I love snow. Why I live in the southwest of England, given this, is a bit of a mystery. Although, as I have frequently documented on this blog, the southwest has many other redeeming features which may make up for the lack of frequent snow.
Two weeks ago, though, there was proper snow. The sort you have to shovel. We were away for some of it (see previous post) but when we got home on the Sunday there was shovelling, snowball-throwing, and hot cocoa-making. I took a few photos but as it was cloudy, things weren’t as sparkly white as I would have liked. Still- snow!! (It’s now a distant memory, sadly…)
For my Christmas present, Mark arranged for us to take a long weekend trip down to Dartmoor, to stay in a manor house hotel near the moors and luxuriate in good food, lovely surroundings, and quiet winter walks. The trip was absolutely wonderful and coincided with snow, which made everything a bit more magical. We woke up on Friday to a dusting of snow, which was more pronounced on the top of the moors. A snowy walk around a reservoir worked up our appetites for afternoon tea and cake. The following day we went to visit Tintagel, the mythical birthplace of King Arthur. As it was winter, the shops selling tacky plastic swords were mercifully shut, and some wild and windy weather made the castle ruins very atmospheric. In fact, I don’t think they often get weather other than ‘wild and windy’, given the castle’s position right on the edge of the west coast, jutting out into the sea.
Frost in the sunshine is one of my favourite winter things. I feel so lucky to live in the countryside and have the possibility of waking up to sleepy hillsides with mist rising and frost on the fields twinkling in the sunshine. It has been warm-ish and soggy the past few weeks, not proper winter at all, but this weekend we are due for a frost and I cannot wait to wake up and go for an early-morning scrunch across the fields. (Just IMAGINE how excited I will be if it snows, which I am sure it will not, but maybemaybemaybe it will!)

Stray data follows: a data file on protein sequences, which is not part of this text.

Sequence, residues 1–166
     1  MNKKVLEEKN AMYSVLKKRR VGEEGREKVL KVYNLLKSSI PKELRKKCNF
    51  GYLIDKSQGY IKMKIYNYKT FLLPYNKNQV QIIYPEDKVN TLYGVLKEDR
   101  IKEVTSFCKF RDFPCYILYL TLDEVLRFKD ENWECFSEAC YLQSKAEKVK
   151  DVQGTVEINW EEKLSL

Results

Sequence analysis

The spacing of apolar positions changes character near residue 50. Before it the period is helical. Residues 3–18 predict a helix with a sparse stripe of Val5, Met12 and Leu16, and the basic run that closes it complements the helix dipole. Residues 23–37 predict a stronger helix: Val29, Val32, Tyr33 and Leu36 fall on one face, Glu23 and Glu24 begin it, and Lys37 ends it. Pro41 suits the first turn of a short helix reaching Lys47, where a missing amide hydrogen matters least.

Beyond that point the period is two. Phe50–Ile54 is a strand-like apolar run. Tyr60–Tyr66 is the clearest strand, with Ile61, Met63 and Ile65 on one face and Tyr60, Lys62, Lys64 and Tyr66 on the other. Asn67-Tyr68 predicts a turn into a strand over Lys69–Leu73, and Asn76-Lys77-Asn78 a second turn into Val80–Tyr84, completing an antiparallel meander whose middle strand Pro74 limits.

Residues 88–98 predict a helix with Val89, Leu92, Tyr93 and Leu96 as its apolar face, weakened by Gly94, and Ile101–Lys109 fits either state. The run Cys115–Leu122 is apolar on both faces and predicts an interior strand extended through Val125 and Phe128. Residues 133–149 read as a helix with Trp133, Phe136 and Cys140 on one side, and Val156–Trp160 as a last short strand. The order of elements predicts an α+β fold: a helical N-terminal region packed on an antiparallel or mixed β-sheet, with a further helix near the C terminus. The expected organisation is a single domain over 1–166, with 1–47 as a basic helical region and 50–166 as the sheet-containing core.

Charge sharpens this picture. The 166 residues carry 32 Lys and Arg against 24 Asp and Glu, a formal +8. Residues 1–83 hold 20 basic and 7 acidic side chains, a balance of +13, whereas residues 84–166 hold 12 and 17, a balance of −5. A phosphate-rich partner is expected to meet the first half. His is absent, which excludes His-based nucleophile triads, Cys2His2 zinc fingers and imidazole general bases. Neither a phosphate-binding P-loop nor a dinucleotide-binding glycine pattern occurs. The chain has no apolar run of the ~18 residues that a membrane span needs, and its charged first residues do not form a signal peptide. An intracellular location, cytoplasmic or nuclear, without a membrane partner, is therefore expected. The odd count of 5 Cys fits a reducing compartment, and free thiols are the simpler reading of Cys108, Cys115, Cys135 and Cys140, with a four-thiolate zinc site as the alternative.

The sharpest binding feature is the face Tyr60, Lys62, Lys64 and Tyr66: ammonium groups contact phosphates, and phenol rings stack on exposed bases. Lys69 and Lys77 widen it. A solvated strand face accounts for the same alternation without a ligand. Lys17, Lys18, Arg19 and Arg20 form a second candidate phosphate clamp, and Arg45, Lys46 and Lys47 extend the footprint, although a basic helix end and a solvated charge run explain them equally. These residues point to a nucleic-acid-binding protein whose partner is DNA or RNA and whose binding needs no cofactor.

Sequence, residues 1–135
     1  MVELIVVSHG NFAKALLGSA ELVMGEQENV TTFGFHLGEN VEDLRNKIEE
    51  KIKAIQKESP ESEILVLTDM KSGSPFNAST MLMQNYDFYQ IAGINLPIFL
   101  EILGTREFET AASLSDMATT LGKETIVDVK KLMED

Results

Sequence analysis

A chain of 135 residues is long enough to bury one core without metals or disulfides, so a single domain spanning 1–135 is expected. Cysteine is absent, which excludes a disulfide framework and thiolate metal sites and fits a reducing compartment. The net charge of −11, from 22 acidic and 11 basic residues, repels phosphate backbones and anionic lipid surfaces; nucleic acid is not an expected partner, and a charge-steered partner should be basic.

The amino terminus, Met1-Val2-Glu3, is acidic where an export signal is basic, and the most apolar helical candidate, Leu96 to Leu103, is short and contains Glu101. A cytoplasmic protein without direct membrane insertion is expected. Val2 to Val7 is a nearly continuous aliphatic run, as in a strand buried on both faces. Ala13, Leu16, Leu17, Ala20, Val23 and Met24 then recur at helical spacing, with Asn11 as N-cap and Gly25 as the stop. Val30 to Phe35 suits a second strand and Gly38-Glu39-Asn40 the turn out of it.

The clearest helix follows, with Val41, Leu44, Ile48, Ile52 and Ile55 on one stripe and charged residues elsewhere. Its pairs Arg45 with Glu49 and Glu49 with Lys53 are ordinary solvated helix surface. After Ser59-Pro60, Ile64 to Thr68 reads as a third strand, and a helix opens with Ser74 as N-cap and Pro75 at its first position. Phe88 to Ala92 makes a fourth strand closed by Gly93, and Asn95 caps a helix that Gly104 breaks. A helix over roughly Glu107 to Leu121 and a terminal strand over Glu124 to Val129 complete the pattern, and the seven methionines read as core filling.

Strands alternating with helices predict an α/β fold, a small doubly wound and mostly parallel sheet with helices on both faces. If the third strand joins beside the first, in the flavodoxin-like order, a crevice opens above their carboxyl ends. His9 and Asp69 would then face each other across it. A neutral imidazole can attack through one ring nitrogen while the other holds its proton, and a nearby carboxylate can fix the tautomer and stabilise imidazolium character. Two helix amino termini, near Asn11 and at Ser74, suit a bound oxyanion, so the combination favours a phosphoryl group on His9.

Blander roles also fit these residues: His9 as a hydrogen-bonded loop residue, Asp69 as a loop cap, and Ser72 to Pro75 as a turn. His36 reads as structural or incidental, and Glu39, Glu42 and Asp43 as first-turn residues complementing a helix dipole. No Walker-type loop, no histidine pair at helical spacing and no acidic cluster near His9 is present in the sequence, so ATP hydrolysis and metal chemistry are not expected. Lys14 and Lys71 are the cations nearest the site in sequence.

I took these photos a few weeks ago, during the last cold spell. Fingers crossed for similar scenes tomorrow.
Sunny days at home have recently been rare indeed. A little while ago on one such day I dug out the camera and decided to see what I could see just lying around the house…
It appears our house contains quite a number of dairy-related objects, appropriately enough since it was once a dairy farm. We get our milk delivered by the local milkman, which is fantastic (not having to constantly say to myself ‘ooh I must remember to pick up some milk on the way home’ is a revelation). Continuing round the house, we found a small milk jug in France this summer which we now use as a kitchen-top compost bin.
(There is also the large milk churn outside the door which I’ve previously written about.)
Next to the milk jug on the kitchen windowsill is a pot of succulents which, despite neglect and ignorance on my part (they seem to sprout new bits randomly and spontaneously, how do they do that? How can I make one big one instead of lots of small ones, and vice versa? These are questions I do not currently know the answer to, although I am aware, as ever, that they are just an internet search away) have been alive since some time in 2011.
And, in turn, next to the pot of succulents is another find from the brocantes of France- an earthenware jug in which we keep washing-up paraphernalia. I like containers.
Christmas has come and gone, and it’s a new year. We went for a walk along the top of the Mendips in between downpours the other day, and found a new route. Now if we can just live here and explore for the next 20 years, we might have as many walking routes as my uncle Tim has in North Yorkshire!
We found a crumbling stone barn, a field of sheep, and lots of puddles.
This sheep was remarkably clean, considering the weather we’ve had.
Mark patiently waiting for me to finish taking photos…
These roses are long gone, but they were beautiful- so dark and rich in colour, and the scent was amazing. I love having a garden.